Ah, Christmas; the most wonderful (chaotic) time of the year. We blast carols the whole month of December as the days grow shorter, consumerism skyrockets, and the pressure of social gatherings thickens. On top of that, for students, finals loom over the horizon. Term papers, group projects, and that honors thesis are all due in less than a week. By the time Christmas rolls around, most of us haven’t even caught our breath in time to appreciate the holiday.
And that’s just the tip of the iceberg. This time of year can also pain us for a variety of other reasons. Perhaps we just lost someone dear to us, or we struggle with a mental illness. Some of us may be international students separated from our families for the holidays, or we might be dealing with a tough financial situation. Whatever the case may be, although we’re dreaming of white Christmas, we may be experiencing a blue one.
So, what do we do?
Maybe we should practice some self care; take a small break from all the commotion, a quick pause from the endless rush of life. But this time around, a cup of tea and a hot bath don’t seem like they’re going to cut it.
Kathryn Redd, an associate director at the University of Texas at Austin’s Counseling and Mental Health Center (CMHC), has a different perspective on self care. She debunks the generalization of self care as a cure-all and offers an alternate perspective.
“There’s times when going to the gym and eating enough fruits and vegetables is not going to help if I get the flu; it’s not going to help if I break a bone,” Redd said. “I think the same is true for mental health. Putting in place a practice to keep ourselves mentally well is fantastic. And then there are times when that’s not enough or it’s not the right thing in that moment. So like taking a bath is not going to cure depression.”
If self care is just a supplementary practice, then what should we do if our situation becomes more severe? Redd suggests visiting a therapist or a psychiatrist, but the solution isn’t the same for everyone. Sometimes, it’s enough to simply be mindful of what changes we may need to make in our lives.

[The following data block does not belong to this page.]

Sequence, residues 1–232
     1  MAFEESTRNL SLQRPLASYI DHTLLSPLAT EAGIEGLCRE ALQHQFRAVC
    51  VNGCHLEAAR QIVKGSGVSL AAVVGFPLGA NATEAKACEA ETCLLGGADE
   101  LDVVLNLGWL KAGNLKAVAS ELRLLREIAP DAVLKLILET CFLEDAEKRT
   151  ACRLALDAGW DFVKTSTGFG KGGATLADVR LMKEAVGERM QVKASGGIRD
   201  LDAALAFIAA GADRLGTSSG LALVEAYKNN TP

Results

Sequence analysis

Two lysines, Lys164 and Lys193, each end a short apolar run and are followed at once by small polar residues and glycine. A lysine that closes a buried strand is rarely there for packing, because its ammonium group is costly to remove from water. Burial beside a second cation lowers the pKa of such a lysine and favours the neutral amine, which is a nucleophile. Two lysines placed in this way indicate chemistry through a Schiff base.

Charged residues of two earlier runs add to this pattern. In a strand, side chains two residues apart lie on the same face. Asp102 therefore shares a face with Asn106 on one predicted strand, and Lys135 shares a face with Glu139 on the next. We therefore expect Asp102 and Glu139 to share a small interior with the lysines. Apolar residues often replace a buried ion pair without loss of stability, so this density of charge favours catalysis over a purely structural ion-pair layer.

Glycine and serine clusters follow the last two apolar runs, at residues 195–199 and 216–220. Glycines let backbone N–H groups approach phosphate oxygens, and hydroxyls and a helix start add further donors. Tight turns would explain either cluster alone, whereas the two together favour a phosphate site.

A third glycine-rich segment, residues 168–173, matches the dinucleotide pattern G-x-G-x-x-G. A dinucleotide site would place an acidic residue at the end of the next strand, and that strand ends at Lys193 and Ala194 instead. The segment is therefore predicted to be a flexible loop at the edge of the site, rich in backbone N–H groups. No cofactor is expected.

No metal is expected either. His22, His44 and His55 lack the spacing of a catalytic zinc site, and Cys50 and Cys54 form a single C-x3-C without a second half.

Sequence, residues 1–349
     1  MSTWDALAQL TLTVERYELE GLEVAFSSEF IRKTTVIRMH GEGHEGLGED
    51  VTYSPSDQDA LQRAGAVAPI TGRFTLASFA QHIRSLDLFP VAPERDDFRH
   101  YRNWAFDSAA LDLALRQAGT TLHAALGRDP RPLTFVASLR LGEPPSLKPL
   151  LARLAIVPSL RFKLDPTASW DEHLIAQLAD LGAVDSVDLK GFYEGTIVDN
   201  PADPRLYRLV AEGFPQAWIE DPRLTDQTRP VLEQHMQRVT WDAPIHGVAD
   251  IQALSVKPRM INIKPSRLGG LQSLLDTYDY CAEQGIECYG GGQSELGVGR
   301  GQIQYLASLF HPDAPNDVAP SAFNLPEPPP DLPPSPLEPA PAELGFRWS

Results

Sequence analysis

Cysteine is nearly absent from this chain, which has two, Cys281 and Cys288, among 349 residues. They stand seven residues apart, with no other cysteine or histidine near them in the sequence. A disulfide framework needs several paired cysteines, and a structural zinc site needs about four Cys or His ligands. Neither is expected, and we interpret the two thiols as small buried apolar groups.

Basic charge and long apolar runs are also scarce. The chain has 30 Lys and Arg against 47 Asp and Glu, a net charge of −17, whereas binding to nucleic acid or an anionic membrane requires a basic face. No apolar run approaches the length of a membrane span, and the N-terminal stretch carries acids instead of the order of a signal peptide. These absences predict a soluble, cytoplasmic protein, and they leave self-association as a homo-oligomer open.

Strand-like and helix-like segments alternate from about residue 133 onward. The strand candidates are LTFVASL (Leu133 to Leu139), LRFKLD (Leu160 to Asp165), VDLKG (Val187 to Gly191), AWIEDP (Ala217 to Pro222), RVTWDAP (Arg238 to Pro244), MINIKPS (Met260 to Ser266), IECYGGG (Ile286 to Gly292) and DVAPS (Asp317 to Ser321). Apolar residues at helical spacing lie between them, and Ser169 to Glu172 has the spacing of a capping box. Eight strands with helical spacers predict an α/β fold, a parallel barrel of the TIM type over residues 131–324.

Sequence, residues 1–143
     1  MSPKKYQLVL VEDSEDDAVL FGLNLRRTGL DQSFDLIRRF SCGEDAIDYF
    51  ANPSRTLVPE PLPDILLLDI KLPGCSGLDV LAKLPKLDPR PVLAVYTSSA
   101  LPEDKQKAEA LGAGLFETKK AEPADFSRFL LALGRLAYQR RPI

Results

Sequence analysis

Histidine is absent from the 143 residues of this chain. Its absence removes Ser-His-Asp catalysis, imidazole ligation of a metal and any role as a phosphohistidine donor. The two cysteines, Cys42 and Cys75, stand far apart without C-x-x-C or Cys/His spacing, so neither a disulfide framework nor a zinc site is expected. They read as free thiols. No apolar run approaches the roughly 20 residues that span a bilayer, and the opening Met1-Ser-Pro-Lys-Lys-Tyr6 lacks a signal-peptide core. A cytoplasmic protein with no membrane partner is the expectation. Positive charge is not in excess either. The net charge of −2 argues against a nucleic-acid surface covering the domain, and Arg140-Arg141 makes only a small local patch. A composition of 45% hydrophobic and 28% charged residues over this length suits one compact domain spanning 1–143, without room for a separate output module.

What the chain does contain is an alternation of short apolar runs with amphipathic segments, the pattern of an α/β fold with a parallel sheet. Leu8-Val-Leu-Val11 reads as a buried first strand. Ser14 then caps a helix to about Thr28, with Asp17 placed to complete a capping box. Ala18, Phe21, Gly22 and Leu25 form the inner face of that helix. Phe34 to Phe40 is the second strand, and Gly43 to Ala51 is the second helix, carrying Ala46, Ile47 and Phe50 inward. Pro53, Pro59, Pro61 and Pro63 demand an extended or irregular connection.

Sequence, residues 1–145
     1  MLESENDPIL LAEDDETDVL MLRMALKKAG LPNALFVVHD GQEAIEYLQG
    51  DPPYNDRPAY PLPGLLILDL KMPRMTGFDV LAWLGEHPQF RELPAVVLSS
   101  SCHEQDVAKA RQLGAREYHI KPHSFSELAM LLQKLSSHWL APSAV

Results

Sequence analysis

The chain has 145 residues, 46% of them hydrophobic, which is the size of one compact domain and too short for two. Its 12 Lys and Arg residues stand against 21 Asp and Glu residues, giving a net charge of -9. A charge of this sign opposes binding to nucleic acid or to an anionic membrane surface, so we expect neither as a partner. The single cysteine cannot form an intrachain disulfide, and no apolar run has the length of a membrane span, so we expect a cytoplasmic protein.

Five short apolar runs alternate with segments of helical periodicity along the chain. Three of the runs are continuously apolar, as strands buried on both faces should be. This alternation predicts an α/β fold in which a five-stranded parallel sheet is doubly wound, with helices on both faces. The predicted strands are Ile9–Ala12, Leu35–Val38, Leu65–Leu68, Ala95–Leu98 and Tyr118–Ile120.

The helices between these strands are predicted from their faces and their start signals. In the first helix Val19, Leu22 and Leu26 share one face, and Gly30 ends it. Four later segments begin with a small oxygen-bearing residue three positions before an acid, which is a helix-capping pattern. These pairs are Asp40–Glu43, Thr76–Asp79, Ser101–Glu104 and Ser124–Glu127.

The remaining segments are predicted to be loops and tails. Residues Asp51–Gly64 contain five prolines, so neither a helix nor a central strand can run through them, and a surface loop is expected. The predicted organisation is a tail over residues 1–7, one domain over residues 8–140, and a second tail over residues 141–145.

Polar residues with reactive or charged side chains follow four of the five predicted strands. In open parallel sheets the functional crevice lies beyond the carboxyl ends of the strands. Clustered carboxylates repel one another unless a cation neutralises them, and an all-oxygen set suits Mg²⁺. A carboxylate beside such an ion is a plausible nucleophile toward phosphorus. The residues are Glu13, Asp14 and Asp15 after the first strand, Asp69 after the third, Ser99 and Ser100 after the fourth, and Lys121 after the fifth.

“Not everyone needs to see a therapist… it’s not the cure for everything,” Redd said. “Reflect on yourself and your life experience and recognize when you need to switch routes.”
Maybe we need to have an honest conversation with ourselves before we gear up for the holidays. The pressure to plaster on a smile can make it difficult to face the truth of our situation; we want to put on a happy face for the benefit of those around us. The expectation that Christmas has to be a happy time, however, is extremely toxic.
“The holidays can be really hard for people because I think there’s this pressure to be happy and jolly and jovial but that’s not always the reality,” Redd said.
It’s important to accept other emotions that may arise during the holidays, whether they be grief, sadness, frustration, anger, etc. By giving ourselves permission to feel these emotions, rather than suppressing them, we have the opportunity to find closure, experience catharsis, or simply gain self acceptance. After all, there’s nothing wrong with feeling these emotions.